The Recumbent Blog got its hands on the installation instructions for continuous milled rumble strips in Alberta, Canada. It’s worth looking at in the context of our discussion of rumble strips to examine what’s good about the approach and what could be improved.
In our report on rumble strips, we highlight four common problems with rumble strips that should be addressed in bicycle-tolerable installation: 1. strips that are too wide, 2. grooves that are too deep, 3. strips not placed near the fog line, and 4. strips that are continuous.
Let’s take the width first. Some of the most bicycle-tolerable designs call for 5 inch wide rumble strips, but strips are sometimes 16 or 18 inches wide and even occasionally take up the entire shoulder (see the photo in our previous post). In that context, the one foot wide strip here could be a lot worse.
Second, relatively speaking, 8 mm is a very favorable rumble strip depth for cyclists.
The third issue is placement. Strips should be placed within a foot of the fog line, and the Alberta installation calls for this, which is great. So far the guidance is three for three. The trick with placement is that sometimes implementation doesn’t follow the plan. Sometimes the agency doesn’t even know that the contractors are mis-installing the strips until bicyclists bring it to their attention, so advocates should monitor rumble strip installation to make sure the strips are installed correctly.
In the photo below from the Recumbent Blog, you can see the strip sitting snuggly against the white fog line. The best part of the example below, though, is the six foot remaining ridable shoulder to the right of the strip. Guidance from the US Federal Highway Administration (FHWA) says that strips should not be installed unless there is at least four feet remaining (five if there is a guardrail). Six feet makes this a comfortable ride — and gives drivers plenty of time to correct their trajectory before their fully off the road.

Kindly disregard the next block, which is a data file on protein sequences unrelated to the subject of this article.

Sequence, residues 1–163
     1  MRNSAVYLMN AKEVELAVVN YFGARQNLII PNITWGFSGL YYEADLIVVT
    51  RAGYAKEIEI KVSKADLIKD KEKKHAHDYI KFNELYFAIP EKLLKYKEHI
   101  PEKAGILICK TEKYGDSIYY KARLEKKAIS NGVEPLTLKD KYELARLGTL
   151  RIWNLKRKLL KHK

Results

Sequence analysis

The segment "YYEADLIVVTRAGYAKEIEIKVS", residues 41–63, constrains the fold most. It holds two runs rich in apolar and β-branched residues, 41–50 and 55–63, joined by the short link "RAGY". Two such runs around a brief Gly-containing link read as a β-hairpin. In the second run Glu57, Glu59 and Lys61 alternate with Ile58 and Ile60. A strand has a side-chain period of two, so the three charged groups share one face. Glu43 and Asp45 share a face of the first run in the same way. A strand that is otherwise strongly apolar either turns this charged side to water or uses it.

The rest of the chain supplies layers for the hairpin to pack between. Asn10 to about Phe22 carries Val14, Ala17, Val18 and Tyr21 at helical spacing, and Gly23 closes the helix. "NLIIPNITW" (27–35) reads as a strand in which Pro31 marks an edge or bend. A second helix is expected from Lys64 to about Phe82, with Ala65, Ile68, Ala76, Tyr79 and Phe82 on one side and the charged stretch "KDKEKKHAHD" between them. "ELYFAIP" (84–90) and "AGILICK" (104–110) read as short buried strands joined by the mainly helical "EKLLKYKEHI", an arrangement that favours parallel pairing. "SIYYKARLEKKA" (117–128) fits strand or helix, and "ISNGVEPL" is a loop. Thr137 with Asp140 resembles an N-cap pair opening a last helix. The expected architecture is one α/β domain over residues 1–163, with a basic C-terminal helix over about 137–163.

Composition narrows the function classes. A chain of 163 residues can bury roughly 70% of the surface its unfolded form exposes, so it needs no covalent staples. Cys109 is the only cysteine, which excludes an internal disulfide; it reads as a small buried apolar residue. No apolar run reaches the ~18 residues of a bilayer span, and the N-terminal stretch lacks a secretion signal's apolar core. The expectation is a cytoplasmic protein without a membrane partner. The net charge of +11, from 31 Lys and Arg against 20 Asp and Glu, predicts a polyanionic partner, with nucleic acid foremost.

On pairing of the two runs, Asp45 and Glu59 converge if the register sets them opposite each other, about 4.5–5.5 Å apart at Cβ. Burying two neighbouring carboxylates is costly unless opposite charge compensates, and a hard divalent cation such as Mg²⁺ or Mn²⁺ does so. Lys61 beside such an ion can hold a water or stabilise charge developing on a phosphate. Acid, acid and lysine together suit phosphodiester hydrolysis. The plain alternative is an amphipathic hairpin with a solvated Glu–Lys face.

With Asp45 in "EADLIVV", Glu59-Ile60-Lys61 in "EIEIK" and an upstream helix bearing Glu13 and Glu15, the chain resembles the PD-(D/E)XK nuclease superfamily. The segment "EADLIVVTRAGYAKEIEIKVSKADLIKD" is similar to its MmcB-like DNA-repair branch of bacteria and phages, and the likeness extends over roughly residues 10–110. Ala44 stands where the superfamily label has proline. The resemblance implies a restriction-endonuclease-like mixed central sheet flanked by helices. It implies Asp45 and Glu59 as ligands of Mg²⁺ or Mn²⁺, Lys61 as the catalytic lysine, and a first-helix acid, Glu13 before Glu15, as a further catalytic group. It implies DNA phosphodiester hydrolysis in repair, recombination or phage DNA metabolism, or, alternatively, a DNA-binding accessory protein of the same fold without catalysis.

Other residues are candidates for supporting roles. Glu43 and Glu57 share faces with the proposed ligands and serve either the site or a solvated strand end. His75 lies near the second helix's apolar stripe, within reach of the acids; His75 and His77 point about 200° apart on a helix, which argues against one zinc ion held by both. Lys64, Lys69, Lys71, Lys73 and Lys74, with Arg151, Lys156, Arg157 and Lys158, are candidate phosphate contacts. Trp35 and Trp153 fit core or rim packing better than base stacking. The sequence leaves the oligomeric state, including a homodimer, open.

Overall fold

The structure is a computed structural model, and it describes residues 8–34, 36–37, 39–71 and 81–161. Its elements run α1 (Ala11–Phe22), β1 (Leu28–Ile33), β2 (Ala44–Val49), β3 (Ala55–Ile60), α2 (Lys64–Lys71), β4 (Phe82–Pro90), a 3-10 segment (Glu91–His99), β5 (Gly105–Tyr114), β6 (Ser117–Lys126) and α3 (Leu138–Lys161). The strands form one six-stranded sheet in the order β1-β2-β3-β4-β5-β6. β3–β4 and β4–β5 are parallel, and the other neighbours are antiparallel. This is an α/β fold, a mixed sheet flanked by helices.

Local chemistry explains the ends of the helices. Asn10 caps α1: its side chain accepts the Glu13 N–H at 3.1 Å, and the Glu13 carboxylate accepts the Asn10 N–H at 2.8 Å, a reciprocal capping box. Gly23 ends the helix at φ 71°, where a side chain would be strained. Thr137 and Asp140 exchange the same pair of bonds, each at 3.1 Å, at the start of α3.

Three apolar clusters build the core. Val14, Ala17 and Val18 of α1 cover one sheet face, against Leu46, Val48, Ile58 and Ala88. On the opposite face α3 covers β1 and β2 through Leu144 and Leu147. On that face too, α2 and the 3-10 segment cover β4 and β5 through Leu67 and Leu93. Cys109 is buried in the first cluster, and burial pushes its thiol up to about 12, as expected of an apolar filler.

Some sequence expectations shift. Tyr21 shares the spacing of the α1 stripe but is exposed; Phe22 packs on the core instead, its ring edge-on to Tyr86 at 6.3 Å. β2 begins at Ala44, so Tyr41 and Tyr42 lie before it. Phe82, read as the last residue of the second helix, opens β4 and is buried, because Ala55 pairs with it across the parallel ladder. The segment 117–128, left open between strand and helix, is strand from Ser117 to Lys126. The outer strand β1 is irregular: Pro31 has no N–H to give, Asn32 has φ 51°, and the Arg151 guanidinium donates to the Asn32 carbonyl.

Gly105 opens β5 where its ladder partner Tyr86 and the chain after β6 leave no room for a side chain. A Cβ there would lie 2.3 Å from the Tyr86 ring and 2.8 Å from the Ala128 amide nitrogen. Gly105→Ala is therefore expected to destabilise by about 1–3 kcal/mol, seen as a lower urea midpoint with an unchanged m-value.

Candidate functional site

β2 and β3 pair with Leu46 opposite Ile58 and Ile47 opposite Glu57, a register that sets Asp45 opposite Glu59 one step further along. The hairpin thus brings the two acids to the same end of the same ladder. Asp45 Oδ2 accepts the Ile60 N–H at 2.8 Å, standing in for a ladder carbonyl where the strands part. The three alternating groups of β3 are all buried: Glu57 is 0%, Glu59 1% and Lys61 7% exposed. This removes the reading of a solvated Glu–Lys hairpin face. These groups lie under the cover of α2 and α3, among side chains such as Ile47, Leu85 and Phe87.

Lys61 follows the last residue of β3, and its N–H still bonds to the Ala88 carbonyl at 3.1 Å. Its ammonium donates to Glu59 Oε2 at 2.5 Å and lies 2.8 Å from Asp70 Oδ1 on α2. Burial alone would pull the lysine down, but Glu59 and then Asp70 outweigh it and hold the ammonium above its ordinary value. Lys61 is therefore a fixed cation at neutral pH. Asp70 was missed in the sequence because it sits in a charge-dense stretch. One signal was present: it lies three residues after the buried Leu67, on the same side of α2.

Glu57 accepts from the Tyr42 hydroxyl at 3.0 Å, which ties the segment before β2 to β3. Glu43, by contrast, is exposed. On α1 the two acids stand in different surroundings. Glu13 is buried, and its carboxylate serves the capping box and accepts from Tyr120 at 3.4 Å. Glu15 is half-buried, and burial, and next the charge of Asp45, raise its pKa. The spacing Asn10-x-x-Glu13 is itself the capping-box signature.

The fourth potential issue is the only one that I’d suggest they re-visit. These strips are continuous. They do not include any gaps to allow cyclists to cross into the travel lane to avoid debris or rough pavement.
I’d like to thank the Recumbent Blog for bringing up this real life example that gets close to following bicycle-tolerable practices. What we tell state and local advocates is that rumble strips are not going anywhere. FHWA and state DOTs see them as an effective and inexpensive safety tool. The trick for bicycling advocates is to urge agencies not to install rumble strips indiscriminately (i.e. only when conditions call for it and there are sufficient shoulders,) and to follow bicycle-tolerable practices when they do install them.
League Policy Director
Flusche joined the League in April 2009 and has a B.A. in history from Syracuse University and a Masters of Public Administration with a concentration in public policy analysis from New York University.